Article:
After reading the wind and distance to target, the slope angle of fire is one of the least understood and equally important variables of long range shooting. Whether shooting up or down at a target, the bullet will impact high due to the cause and effects of gravity.
The latest aid for snipers and practical field shooters who must engage elevated or depressed targets, the Angle Cosine Indicator (ACI) still requires the shooter (or, more likely, his spotter/observer) to perform a calculation. The ACI attaches to the shooter's scope, minimizing the possibility of breaking cheek-weld and losing sight of the target.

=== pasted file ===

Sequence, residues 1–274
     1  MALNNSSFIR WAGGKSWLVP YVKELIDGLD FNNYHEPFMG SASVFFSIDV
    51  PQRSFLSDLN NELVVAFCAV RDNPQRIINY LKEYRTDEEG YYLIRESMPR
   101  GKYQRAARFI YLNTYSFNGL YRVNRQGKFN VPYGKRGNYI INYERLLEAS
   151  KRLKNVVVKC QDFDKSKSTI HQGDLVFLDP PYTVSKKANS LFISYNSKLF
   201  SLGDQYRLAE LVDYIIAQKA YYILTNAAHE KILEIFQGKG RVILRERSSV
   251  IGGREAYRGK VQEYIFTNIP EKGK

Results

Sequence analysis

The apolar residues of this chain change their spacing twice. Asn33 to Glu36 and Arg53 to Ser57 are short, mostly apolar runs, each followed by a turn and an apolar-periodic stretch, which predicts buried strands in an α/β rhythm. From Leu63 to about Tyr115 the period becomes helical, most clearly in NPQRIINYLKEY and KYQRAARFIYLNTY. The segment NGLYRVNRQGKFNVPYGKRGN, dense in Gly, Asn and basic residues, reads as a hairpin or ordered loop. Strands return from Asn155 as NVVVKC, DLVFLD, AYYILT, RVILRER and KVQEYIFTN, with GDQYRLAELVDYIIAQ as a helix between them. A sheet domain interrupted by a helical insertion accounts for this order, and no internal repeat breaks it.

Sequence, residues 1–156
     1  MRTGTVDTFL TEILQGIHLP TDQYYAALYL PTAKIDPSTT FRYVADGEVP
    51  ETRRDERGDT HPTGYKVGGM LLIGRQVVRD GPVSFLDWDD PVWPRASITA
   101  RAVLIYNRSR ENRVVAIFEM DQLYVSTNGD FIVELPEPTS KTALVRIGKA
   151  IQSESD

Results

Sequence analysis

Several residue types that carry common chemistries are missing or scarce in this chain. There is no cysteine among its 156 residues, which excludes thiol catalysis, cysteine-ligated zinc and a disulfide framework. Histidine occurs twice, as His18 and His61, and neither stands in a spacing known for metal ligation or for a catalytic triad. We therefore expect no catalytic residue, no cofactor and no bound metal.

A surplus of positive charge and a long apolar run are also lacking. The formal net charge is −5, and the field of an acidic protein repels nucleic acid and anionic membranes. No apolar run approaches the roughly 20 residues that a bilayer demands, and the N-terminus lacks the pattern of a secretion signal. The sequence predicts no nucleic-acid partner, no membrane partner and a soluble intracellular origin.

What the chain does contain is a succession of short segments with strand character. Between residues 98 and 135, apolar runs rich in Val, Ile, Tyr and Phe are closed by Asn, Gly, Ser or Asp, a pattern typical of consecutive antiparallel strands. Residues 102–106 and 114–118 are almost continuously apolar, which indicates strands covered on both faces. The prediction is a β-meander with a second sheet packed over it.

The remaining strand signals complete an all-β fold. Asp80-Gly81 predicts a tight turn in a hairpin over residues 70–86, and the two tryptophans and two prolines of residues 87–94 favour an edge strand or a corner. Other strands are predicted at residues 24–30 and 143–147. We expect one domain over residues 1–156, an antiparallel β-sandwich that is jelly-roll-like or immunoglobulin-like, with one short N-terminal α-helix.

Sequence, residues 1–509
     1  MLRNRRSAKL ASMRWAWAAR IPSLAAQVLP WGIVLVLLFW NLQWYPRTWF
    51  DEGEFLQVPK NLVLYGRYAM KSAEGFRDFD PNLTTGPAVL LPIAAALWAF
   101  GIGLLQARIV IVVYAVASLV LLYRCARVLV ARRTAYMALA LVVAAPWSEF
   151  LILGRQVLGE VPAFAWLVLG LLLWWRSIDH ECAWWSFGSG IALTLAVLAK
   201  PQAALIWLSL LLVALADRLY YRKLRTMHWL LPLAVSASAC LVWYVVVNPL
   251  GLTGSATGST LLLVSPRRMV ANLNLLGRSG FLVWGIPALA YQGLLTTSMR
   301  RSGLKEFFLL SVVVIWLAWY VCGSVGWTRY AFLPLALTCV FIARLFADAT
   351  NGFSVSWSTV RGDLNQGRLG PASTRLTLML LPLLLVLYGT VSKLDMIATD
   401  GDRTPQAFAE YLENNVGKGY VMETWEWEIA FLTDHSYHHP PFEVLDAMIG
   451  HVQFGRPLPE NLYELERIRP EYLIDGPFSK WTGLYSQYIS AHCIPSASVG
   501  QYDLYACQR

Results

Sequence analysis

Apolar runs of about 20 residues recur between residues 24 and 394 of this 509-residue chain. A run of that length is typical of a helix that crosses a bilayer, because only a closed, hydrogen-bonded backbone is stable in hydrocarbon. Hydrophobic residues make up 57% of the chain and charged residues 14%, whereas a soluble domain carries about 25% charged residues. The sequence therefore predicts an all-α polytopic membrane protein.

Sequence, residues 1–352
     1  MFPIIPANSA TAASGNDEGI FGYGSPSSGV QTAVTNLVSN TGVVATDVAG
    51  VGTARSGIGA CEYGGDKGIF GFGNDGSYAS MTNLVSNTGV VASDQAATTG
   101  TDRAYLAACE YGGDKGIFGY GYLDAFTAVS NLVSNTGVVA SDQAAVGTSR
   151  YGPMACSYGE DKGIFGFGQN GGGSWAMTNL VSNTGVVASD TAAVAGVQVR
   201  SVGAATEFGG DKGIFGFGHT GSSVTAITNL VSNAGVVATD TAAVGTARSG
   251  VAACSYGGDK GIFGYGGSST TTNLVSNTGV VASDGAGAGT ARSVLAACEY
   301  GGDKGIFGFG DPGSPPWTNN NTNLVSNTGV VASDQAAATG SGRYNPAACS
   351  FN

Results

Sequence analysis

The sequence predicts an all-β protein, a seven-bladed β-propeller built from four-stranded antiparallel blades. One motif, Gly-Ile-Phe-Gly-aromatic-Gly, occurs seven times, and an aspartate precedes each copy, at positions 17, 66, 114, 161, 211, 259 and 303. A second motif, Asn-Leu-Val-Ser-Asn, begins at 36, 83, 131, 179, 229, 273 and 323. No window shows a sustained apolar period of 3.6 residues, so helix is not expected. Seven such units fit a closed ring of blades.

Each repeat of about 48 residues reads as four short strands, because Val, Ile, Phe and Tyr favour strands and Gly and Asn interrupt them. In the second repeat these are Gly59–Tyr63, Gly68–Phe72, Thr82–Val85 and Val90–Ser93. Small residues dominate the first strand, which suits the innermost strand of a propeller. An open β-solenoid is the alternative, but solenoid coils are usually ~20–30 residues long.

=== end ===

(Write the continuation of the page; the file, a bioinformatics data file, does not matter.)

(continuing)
Solidly constructed, the ACI is made from aircraft grade aluminum and is available in anodized olive drab or black. The ACI is the design of Ward Brien, former U.S. military servicemen with design contributions by his partner Ping Lee.
When properly mounted and the rifle is elevated or depressed, the ACI (with the cosign numbers in five degree increments) bypasses the angle and, instead, indicates the corresponding cosine number of the angle of the elevation or depression. The shooter or his observer/spotter need only multiply the actual range by the cosine number to get the adjusted range. Having done so, the shooter adjusts the elevation on his scope and engages the target. If he has done everything correctly, including compensating for wind (which works along the actual distance of the shot), the shot should be dead on target.
Use the ACI!
It's quick, easy to use, easy to install, extremely rugged and unaffected by weather.
NOTE: Mounting requires the use of a claw-type scope ring, such as a Leupold MK IV or others.
Ring not included.
|Angle Cosine Indicator Ordering|